• 28.
    Linder, Cedric
    et al.
    Uppsala universitet, Fysikundervisningens didaktik.
    Eriksson, Urban
    Uppsala universitet, Fysikundervisningens didaktik.
    Airey, John
    Uppsala universitet, Fysikundervisningens didaktik.
    Redfors, Andreas
    Kristianstad University, School of Education and Environment, Avdelningen för Naturvetenskap.
    The overlooked challenge of learning to extrapolate three-dimensionality2013Conference paper (Refereed)
  • 29.
    Lindquist, Ingemar
    Kristianstad University, School of Engineering.
    Inledande gas- ovh vätskefysik inom medicin och medicinsk telnik2006 (ed. [2])Book (Other academic)
  • 30.
    Lundin, M.
    et al.
    Department of Physics, University of Lund.
    Adler, J. O.
    Department of Physics, University of Lund.
    Boland, M.
    Department of Physics, University of Lund.
    Fissum, K.
    Department of Physics, University of Lund.
    Glebe, T.
    Zweites Physikalisches Institut, Universität Göttingen.
    Hansen, K.
    Department of Physics, University of Lund.
    Isaksson, L.
    Department of Physics, University of Lund.
    Kaltschmidt, O.
    Zweites Physikalisches Institut, Universität Göttingen.
    Karlsson, M.
    Department of Physics, University of Lund.
    Kossert, K.
    Zweites Physikalisches Institut, Universität Göttingen.
    Levchuk, M. I.
    B. I. Stepanov Institute of Physics, Belarussian Academy of Sciences, Minsk.
    Lilja, P.
    Department of Physics, University of Lund.
    Lindner, Bengt
    Kristianstad University College, Department of Mathematics and Science.
    L'Vov, A. I.
    P. N. Lebedev Physical Institute, Moscow.
    Nilsson, B.
    Department of Physics, University of Lund.
    Oner, D. E.
    Zweites Physikalisches Institut, Universität Göttingen.
    Poech, C.
    Zweites Physikalisches Institut, Universität Göttingen.
    Proff, S.
    Zweites Physikalisches Institut, Universität Göttingen.
    Sandell, A.
    Department of Physics, University of Lund.
    Schröder, B.
    Department of Physics, University of Lund.
    Schumacher, M.
    Zweites Physikalisches Institut, Universität Göttingen.
    Sims, D. A.
    Department of Physics, University of Lund.
    Compton scattering from the deuteron and extracted neutron polarizabilities2003In: Physical Review Letters, ISSN 0031-9007, E-ISSN 1079-7114, Vol. 90, no 19Article in journal (Refereed)
    Abstract [en]

    Differential cross sections for Compton scattering from the deuteron were measured at MAX-Lab for incident photon energies of 55 and 66 MeV at nominal laboratory angles of 45degrees, 125degrees, and 135degrees. Tagged photons were scattered from liquid deuterium and detected in three NaI spectrometers. By comparing the data with theoretical calculations in the framework of a one-boson-exchange potential model, the sum and the difference of the isospin-averaged nucleon polarizabilities, alpha(N) + beta(N) = 17.4 +/- 3.7 and alpha(N) - beta(N) = 6.4 +/- 2.4 (in units of 10(-4) fm(3)), have been determined. By combining the latter with the global-averaged value for alpha(p) - beta(p) and using the predictions of the Baldin sum rule for the sum of the nucleon polarizabilities, we have obtained values for the neutron electric and magnetic polarizabilities of alpha(n) = 8.8 +/- 2.4(total) +/- 3.0(model) and beta(n) = 6.5 -/+ 2.4(total) -/+ 3.0(model), respectively.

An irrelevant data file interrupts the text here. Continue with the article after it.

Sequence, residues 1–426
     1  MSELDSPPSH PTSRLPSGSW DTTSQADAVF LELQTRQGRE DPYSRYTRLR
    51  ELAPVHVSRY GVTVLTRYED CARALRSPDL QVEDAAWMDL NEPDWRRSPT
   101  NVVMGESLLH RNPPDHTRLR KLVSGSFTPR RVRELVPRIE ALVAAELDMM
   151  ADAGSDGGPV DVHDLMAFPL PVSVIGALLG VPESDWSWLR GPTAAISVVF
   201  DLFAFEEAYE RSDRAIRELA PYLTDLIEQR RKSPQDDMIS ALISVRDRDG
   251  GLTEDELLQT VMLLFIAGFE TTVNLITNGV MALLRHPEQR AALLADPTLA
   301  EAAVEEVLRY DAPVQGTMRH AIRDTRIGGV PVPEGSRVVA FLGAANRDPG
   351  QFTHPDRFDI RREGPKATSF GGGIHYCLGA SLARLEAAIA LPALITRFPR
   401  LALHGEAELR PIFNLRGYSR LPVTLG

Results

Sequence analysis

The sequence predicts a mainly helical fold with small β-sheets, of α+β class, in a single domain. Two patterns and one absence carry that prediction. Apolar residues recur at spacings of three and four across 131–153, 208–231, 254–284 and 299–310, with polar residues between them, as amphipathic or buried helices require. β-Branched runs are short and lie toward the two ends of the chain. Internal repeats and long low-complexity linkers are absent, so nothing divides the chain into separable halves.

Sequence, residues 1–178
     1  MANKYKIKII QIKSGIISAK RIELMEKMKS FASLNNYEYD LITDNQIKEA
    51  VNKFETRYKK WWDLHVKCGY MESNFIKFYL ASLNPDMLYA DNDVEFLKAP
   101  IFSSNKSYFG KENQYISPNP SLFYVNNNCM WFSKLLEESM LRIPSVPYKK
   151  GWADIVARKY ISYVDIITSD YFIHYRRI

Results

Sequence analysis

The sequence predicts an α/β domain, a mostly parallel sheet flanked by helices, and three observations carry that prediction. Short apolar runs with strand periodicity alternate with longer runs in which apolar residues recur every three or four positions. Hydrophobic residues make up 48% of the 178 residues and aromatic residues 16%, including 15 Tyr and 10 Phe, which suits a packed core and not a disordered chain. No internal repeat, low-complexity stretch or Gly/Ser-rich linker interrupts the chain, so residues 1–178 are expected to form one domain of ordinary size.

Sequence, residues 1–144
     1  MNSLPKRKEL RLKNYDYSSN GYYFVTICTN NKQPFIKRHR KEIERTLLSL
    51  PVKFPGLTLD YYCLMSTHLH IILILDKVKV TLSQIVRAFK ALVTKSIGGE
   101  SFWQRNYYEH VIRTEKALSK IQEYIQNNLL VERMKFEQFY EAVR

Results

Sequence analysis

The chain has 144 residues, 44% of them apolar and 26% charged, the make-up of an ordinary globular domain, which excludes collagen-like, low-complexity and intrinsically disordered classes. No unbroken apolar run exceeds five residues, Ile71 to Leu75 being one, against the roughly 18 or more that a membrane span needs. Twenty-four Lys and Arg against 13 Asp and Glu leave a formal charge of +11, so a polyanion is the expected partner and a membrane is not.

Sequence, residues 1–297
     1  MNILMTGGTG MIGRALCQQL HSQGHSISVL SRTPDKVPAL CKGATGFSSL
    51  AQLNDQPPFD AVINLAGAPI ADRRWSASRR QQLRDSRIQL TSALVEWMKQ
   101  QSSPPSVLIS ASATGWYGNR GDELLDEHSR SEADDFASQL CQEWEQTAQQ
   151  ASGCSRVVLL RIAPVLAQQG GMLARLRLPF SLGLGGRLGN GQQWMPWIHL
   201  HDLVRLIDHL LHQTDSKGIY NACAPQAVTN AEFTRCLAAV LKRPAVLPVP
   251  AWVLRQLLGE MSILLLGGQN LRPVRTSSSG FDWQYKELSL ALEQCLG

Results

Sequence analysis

• 31.
    Nässen, Nina
    et al.
    Landskrona.
    Nässen, Hans-Ņke
    Landskrona.
    Eriksson, Urban
    Kristianstad University, Faculty of Education, Research environment Learning in Science and Mathematics (LISMA). Kristianstad University, Faculty of Education, Avdelningen för matematik- och naturvetenskapernas didaktik. Nationellt resurscentrum för fysik, Lunds universitet.
    Pendrill, Ann-Marie
    Lunds Universitet.
    Forces on hockey players: vectors, work, energy and angular momentum2019In: European Journal of PhysicsArticle in journal (Refereed)
    Abstract [en]

    Non-traditional examples can be very inspiring for students. This paper applies classical mechanics to different ways of skating in ice hockey.&amp;#13; Skating blades glide easily along the ice in the direction of the blade. Horizontal forces on the skates are thus essentially perpendicular to the blade. Speed skaters glide long distances on each skate before pushing off for the next stride. A hockey player running for the puck may take a number quite short steps in a short explosive rush before shifting to longer strides, where the recurring need to change direction requires additional work by the skater. This paper investigates an alternative stride, with a longer gliding phase in a circular arc, where the centripetal force provided by the ice acting on the skates, changes the direction of motion, without the need for additional energy. In addition, the conservation of angular momentum leads to increased speed as the centre of mass is shifted closer to the centre of the circular arc.&amp;#13; Finally, we discuss an angular momentum based technique to reverse the direction of motion as fast as possible.

  • 32.
    Persson, Jonas
    et al.
    Norge.
    Eriksson, Urban
    Kristianstad University, Research environment Learning in Science and Mathematics (LISMA). Kristianstad University, School of Education and Environment, Avdelningen för Naturvetenskap.
    Planetarium software in the classroom2016In: Physics Education, ISSN 0031-9120, E-ISSN 1361-6552, Vol. 51, no 2Article in journal (Refereed)
    Abstract [en]

    Students often find astronomy and astrophysics to be most interesting and exciting, but the Universe is difficult to access using only one's eyes or simple equipment available at different educational settings. To open up the Universe and enhance learning astronomy and astrophysics different planetarium software can be used. In this article we discuss the usefulness of such simulation software and give four examples of how such software can be used for teaching and learning astronomy and astrophysics.